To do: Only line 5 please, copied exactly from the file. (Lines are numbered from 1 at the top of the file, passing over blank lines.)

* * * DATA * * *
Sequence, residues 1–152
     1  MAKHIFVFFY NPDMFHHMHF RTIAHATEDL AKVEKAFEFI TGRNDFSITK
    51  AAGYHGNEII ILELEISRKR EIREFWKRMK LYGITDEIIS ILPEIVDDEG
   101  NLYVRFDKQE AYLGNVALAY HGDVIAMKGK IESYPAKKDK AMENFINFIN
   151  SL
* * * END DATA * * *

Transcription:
   151  SL